Putting Patient Needs First

by Deirdre Mylod, PhD, Executive Director, Institute for Innovation | Apr 23, 2014
The Institute for Innovation has been hard at work over the last several months. These are exciting times with tremendous engagement and enthusiasm for how we can better understand what patients need.

In November, the Founding Executive Council convened in person and spent three hours in a working session. Together, the Council worked to define vision statements for each of the four prioritized research projects, and discussed the concepts around reducing patient suffering and better addressing patients’ needs. That conversation continues to dynamically evolve over our quarterly meetings.

Subject Matter Expert work groups have been formed for each of the projects and regular meetings are underway. Initially, the groups brainstormed many possible research questions to address under each topic and then engaged in a formal consensus process to prioritize the specific areas of focus. These groups are now reviewing and reacting to the findings resulting from the first phases of our analytic work.  

Last week I had the opportunity to visit the Mayo Clinic to learn more about their innovations in healthcare delivery and their efforts to create optimally-functioning teams. The strength of their culture was readily apparent as we met with key researchers and leaders throughout the organization. I was struck by the fact that literally every single person I met with spontaneously invoked the Mayo core value that “the needs of the patient come first.”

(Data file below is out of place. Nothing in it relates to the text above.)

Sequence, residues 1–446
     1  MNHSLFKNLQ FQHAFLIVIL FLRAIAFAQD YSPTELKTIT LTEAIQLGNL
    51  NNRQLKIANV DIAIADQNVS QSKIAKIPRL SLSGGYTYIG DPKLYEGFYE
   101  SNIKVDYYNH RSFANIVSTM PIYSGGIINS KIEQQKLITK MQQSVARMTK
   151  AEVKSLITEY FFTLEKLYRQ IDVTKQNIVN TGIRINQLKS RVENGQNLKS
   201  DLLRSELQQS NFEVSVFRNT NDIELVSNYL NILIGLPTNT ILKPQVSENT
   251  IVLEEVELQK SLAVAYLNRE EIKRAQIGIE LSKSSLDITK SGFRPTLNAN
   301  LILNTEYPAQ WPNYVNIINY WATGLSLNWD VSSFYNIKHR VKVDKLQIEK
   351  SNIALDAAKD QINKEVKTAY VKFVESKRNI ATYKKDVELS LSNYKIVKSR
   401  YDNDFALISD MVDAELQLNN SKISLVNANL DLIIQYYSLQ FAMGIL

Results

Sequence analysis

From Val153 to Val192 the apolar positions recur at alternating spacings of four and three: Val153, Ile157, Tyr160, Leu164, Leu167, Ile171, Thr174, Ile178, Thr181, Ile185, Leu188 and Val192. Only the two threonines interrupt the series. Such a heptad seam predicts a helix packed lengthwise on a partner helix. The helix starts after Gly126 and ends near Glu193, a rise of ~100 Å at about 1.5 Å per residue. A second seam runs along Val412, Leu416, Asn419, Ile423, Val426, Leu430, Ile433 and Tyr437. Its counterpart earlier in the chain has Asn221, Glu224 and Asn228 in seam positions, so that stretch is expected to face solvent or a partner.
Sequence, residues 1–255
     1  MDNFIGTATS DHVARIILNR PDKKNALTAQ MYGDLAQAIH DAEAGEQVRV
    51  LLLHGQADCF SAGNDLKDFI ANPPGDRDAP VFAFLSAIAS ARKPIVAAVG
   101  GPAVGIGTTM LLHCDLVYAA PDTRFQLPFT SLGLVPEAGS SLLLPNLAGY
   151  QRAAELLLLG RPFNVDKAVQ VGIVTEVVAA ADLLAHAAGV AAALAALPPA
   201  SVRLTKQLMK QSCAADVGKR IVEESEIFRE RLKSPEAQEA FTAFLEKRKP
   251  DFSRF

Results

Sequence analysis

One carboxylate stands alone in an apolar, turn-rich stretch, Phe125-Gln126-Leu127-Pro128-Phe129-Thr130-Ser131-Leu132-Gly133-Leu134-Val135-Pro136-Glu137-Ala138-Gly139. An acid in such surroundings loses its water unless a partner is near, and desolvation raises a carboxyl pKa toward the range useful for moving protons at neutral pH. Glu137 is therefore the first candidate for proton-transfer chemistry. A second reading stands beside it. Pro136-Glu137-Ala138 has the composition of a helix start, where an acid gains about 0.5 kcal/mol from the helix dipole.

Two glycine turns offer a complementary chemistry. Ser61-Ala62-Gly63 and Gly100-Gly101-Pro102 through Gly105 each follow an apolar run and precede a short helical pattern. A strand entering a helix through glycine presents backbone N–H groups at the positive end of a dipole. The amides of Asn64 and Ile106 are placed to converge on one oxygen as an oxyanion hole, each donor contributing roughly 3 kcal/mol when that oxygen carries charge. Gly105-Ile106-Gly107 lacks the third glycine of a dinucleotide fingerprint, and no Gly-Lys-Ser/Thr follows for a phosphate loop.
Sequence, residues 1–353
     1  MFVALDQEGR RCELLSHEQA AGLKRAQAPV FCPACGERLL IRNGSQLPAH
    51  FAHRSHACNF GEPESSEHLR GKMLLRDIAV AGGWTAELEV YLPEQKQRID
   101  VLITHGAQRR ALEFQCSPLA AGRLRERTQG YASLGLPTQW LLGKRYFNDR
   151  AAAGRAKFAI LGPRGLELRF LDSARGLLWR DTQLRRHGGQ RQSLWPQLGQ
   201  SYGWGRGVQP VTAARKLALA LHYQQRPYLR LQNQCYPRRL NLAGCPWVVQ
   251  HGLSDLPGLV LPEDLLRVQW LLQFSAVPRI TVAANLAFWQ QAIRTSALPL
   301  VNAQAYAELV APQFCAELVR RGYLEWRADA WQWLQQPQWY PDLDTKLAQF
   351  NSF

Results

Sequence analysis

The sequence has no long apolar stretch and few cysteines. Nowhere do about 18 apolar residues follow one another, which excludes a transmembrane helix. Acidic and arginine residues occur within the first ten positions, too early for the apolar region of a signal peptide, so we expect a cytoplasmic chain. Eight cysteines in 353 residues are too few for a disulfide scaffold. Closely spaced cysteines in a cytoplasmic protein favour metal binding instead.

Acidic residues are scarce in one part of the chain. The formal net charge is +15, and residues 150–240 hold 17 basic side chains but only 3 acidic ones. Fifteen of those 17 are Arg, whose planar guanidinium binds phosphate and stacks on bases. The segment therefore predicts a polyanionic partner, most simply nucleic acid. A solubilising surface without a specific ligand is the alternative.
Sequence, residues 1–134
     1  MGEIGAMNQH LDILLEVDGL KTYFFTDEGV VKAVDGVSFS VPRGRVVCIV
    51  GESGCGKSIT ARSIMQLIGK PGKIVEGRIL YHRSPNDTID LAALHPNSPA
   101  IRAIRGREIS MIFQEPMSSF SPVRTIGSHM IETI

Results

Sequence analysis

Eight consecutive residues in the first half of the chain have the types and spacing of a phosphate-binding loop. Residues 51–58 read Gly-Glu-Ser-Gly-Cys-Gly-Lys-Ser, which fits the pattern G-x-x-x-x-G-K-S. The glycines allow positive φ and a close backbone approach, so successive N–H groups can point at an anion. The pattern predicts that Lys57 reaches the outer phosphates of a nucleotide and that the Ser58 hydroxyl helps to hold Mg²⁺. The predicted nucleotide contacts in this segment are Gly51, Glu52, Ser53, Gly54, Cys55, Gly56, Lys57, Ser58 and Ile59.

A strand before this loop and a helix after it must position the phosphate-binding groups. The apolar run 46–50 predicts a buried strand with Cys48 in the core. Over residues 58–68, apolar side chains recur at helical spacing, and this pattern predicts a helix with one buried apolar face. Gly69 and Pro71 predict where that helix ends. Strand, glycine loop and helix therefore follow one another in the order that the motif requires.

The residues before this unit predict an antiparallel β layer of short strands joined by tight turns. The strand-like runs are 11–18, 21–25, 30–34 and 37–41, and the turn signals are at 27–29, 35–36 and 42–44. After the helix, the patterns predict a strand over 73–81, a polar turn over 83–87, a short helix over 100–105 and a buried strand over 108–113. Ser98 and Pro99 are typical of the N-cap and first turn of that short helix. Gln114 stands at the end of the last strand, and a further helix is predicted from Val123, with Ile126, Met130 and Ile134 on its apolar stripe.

Efforts to reduce patient suffering require that we first seek to understand patients’ needs and keep those needs top of mind. Imagine my delight to see an exhibit of the historic Mayo headline, “Dr. Mayo Dedicates New Clinic to Relief of Human Suffering in Cornerstone Ceremony”. 

During the dedication of this building, Charles H. Mayo, M.D., said: “Intelligence with knowledge enables wisdom to extend the highest service. Such service has made necessary this building, which we now dedicate to the relief of suffering humanity through diagnosis, treatment, and cure of disease, and the healing of wounds.” A compelling reminder that reducing suffering has always been at the forefront of great care.

I’m looking forward to attending the Cleveland Clinic’s fifth annual Empathy in Innovation Summit next month. I’ve participated in this event each year since its inception and always come away inspired by the merging of strategy, tactics and shared purpose.  Their work to promote empathy is a necessary piece of the puzzle to acknowledge and take action to reduce patient suffering. I hope to see you there.

Image courtesy of Mayo Clinic and Rochester (Minn.) Post Bulletin